“I became interested in learning more,” Walker says. “Women put meaning, value and story in what they were creating because, before the Industrial Revolution, it took most of their time — that and child-rearing. There was a lot of time spent on making cloth. As a result, when you spend that much time, you imbue meaning.”
Walker explains that when she was a minister, she realized that she had been interpreting sacred text that was written by men, no matter what religion it was from. She always wondered what women would say, and while women may not have been reading and writing, they were spinning, weaving and dyeing — that was where they recorded their lives.
“I became very fascinated with textiles as a [type of] woman’s text and just delved into a more academic study of that, which led me to travel and source old textiles,” she says. “Having studied it myself, I tried weaving, but what these women were doing was so much more complex, and their cloth was exquisite. It would take me a lifetime to achieve what they were doing. I found that I would rather look for a market for them [to sell their goods] rather than stay in a studio by myself for the rest of my life.”
Women’s issues and women’s empowerment are two of Walker’s greatest passions. She says that she wanted to put money in the hands of women who need it and to preserve these rich languages of cloth. In 2018, she started a non-profit — the IBU Foundation — to help women “come up to a level playing field.” She says most of these women need the “tools of a trade” – a workspace, a way to pay for that workspace, equipment such as sewing machines as well as training on how to run a business. The IBU Foundation is a 501(c)(3) charitable organization, and its goal is to give women in countries around the world a chance to become self-sufficient and independent, elevating them out of poverty and into successful artisan enterprises.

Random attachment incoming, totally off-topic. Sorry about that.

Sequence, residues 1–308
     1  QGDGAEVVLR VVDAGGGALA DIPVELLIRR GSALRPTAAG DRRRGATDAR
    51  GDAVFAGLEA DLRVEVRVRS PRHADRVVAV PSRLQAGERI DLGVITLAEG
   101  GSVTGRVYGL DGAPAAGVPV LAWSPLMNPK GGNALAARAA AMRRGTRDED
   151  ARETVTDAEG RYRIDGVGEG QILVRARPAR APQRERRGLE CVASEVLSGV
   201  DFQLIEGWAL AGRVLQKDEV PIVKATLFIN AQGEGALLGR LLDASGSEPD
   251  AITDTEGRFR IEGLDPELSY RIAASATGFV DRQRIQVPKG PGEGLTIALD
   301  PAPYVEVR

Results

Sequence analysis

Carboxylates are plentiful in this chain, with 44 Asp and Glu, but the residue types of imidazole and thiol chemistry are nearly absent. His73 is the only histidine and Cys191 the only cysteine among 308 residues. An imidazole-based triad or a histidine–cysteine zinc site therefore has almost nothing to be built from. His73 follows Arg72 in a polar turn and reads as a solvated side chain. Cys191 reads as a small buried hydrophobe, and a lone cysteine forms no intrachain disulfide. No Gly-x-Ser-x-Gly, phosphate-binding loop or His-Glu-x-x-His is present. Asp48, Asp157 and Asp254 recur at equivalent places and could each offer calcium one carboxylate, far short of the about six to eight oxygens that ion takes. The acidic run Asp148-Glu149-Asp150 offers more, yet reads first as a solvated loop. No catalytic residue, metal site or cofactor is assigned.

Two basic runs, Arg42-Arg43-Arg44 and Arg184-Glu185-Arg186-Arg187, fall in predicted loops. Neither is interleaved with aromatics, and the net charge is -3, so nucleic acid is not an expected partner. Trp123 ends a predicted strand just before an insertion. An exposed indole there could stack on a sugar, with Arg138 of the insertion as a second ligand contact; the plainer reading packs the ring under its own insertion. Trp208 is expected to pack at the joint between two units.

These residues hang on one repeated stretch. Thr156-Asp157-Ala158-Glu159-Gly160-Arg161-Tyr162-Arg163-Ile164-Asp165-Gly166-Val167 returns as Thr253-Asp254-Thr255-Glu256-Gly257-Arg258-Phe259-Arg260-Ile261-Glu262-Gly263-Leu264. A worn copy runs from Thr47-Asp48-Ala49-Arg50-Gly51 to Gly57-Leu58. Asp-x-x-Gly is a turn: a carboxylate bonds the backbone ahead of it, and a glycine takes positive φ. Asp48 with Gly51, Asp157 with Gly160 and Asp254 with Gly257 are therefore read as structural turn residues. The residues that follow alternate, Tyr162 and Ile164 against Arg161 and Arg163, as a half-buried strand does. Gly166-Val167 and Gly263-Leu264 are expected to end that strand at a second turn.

In 2015, Walker opened IBU Movement, a 2,600-square-foot boutique and studio located in Charleston, South Carolina, offering original designs in clothing and accessories in collaboration with the artisan women who are their partners. “It starts with their skill and technique, and we try to work with them on new ways to create products and not take away their original mojo. It’s got to have their soul in it. We also sell directly from artisans. They have already designed it — it’s beautiful and we will sell it. A lot of groups have the skills, but they don’t know this market — they don’t know what you or I would want to purchase — it’s a very fine line.”
Walker reiterates that she is not looking to take anything away from their cultural traditions, but wants to work together to make a product that will help the artisans transcend poverty and circumstance. “It is very reciprocal,” she says. “They need our market; we need the beauty they create because very few people in this country know how to weave and spin and dye. We don’t make our own clothes here; to me it’s a wonderful exchange.”